When to call 9-1-1

9-1-1 is a three-digit telephone number that connects callers with trained emergency operators.

Call 9-1-1 for medical, fire and police emergencies, including crimes in progress.

The 9-1-1 telephone system has an Automatic Location Identification System and an Automatic Number Identification System which lets the call taker know the address or estimated GPS location and telephone number of the caller.

The 9-1-1 operator will first ask you what emergency service you want “police, fire or ambulance?” If you ask for police, the operator will help you.  If you ask for fire or ambulance, the operator will transfer you to an emergency operator at Fire or Ambulance.

  •  The transfer will take a few seconds
  •  Stay on the line, do NOT hang up
  •  Stay calm
  •  Be prepared to tell the operator the location (address and municipality) and nature of your emergency

An emergency is any situation where people’s safety or property is immediately at risk. It is important that you only call 9-1-1 in emergency situations as using 911 for non-emergency situations limits access to those in need of an emergency response.


How can you help the 9-1-1 operator?

During times when you need 9-1-1, you are more likely to be under a great deal of stress and your emotions can cause you to yell and/or lose focus. Try to remain calm, control your voice level and listen carefully to the operator’s questions. These questions will enable a quicker and most appropriate emergency response.

It is also very important that you STAY ON THE LINE UNTIL YOU ARE ADVISED TO HANG UP. By remaining on the line with the operator, you continue to provide up to the minute information that the operator will continue to share with the responding units.


9-1-1 Response Time

Hamilton Police Service adheres to the Priority Response System.

Once you have spoken to a dispatcher, do not call back to 9-1-1 to ask for an estimated time of arrival (ETA). Our dispatchers cannot provide you with an ETA.


Mobile Response

 A mobile response will be provided for:

  •  Crimes in progress (against persons and property);
  •  Incidents where people’s safety is at risk;
  •  Incidents where suspects are at the scene or in the immediate area;
  •  Incidents where there is significant physical evidence to be gathered

Text with 9-1-1 (T-9-1-1)

The Hamilton Police Service now offers Text with 9-1-1 service to persons who are Deaf, Deafened, Hard of Hearing or Speech Impaired (DHHSI).  To initiate this service, DHHSI persons must:

  • Have a compatible cell phone and active wireless subscription. It is recommended that users contact their wireless provider to confirm their cell model is supported.
  • Register with their wireless service provider to enable this service.

To use this service:

  • Users will continue to call 9-1-1.  A text sent to the digits 9-1-1 will not be delivered to emergency services.  As the 9-1-1 operator answers the call normally, they will also receive a notification that this caller’s phone is registered with the Text with 9-1-1 service.
  • If no answer to the operator’s voice question is received, the operator will then begin sending text messages to the registered phone.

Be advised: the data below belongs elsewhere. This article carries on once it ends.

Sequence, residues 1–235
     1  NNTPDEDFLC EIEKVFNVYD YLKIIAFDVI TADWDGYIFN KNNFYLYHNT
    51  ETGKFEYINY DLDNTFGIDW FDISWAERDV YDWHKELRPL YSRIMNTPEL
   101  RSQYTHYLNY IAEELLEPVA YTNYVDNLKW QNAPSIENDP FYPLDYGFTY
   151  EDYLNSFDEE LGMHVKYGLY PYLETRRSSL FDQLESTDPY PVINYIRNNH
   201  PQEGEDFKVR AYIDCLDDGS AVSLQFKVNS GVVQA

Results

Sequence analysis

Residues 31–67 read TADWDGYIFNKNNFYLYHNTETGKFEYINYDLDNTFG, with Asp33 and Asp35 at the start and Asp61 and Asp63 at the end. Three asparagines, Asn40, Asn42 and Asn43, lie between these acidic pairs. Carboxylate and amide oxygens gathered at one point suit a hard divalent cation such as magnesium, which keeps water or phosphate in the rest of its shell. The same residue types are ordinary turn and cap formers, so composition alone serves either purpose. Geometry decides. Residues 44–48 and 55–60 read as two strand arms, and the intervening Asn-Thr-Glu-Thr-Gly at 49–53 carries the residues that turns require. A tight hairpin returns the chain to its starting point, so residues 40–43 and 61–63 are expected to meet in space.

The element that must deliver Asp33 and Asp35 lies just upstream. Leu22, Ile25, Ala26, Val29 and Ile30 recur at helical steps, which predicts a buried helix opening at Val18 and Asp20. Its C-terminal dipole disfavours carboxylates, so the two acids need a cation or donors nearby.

In Canada, Text with 9-1-1 (T9-1-1) is only available to the DHHSI community.  For more information about T9-1-1, including instructional videos in American Sign Language (ASL) visit www.textwith911.ca


9-1-1 calls from a Cell Phone

If you have a choice between using a landline or wireless device to call 9-1-1, the landline should be your first choice. The connection is more secure and the location data is automatically available. Calls made from your wireless device will not display your address to the 9-1-1 call-taker, so you will need to provide as much information as possible about your location.
If you accidently call 9-1-1, stay on the line and advise the call-taker you made a mistake. If you hang up, our 9-1-1 operators will call back to ensure your well-being.

Important Tips to Remember:

  • Unintentional 9-1-1 calls tie up phone lines which negatively impact Emergency Services ability to respond to REAL emergencies.
  • If the cell phone is in your pocket, lock it!  Also keep it in a safe place where it’s secure or use a protective holster.
  • Old cell phones, whether registered or not can still connect to 9-1-1, please take the battery out if your child is using it as a toy.
  • Do NOT program 9-1-1 into any telephone.
  • Do NOT test 9-1-1 to see if it’s working.

9-1-1 calls from a Voice over Internet Protocol (VoIP)

Voice over Internet Protocol (VOIP) allows you to make and receive phone calls using an Internet connection. Although such technology offers convenience, it also has some limitations.

For instance, unlike a traditional landline telephone, when calling 9-1-1 using a VoIP connection:

  • Nomadic phones calling 9-1-1 must connect to the VoIP service provider's call centre (possibly located in a different city or country) and the call centre must then redirect it to the appropriate 9-1-1 centre.
  • The VoIP service provider's call centre may be sending your emergency call to a non-emergency telephone number. This will result in delays, which could mean the difference between life and death in an emergency.
  • Also, if a caller is non-verbal or if the call is disconnected, the call centre may not be able to determine the address of the emergency.
  • When using nomadic VoIP services, automatic location information is not provided to the 9-1-1 Centre.
  • 9-1-1 service is not available if your Internet connection is down.
  • 9-1-1 service is not available if there is a power failure.

If you accidently call 9-1-1, stay on the line and advise the call-taker you made a mistake. If you hang up, our 9-1-1 operators will call back to ensure your well-being.
V.O.I.P. (Voice over Internet Protocol) Public Alert from the Ontario 9-1-1 Advisory Board click here